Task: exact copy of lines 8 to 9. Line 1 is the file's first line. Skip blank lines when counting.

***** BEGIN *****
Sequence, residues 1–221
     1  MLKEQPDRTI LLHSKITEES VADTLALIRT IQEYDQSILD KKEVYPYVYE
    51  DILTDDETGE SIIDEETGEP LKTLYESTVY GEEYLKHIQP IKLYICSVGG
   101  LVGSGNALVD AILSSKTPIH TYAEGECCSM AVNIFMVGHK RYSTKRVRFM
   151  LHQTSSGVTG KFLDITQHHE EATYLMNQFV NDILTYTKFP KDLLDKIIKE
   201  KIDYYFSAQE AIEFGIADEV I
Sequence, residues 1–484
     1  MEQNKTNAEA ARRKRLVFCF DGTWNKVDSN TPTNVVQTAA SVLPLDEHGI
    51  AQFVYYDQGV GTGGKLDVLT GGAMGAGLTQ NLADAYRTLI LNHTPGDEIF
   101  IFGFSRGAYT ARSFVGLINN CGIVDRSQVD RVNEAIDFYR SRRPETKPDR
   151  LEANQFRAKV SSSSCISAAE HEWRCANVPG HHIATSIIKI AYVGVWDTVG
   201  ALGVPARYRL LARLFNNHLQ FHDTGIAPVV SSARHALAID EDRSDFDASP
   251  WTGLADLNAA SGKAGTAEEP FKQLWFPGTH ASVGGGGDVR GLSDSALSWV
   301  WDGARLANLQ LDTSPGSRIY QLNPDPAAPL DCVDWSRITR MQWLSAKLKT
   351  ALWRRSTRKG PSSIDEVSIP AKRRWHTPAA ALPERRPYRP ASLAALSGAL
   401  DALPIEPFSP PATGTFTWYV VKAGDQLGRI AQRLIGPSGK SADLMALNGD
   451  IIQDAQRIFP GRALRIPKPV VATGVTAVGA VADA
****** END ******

     1  MEQNKTNAEA ARRKRLVFCF DGTWNKVDSN TPTNVVQTAA SVLPLDEHGI
    51  AQFVYYDQGV GTGGKLDVLT GGAMGAGLTQ NLADAYRTLI LNHTPGDEIF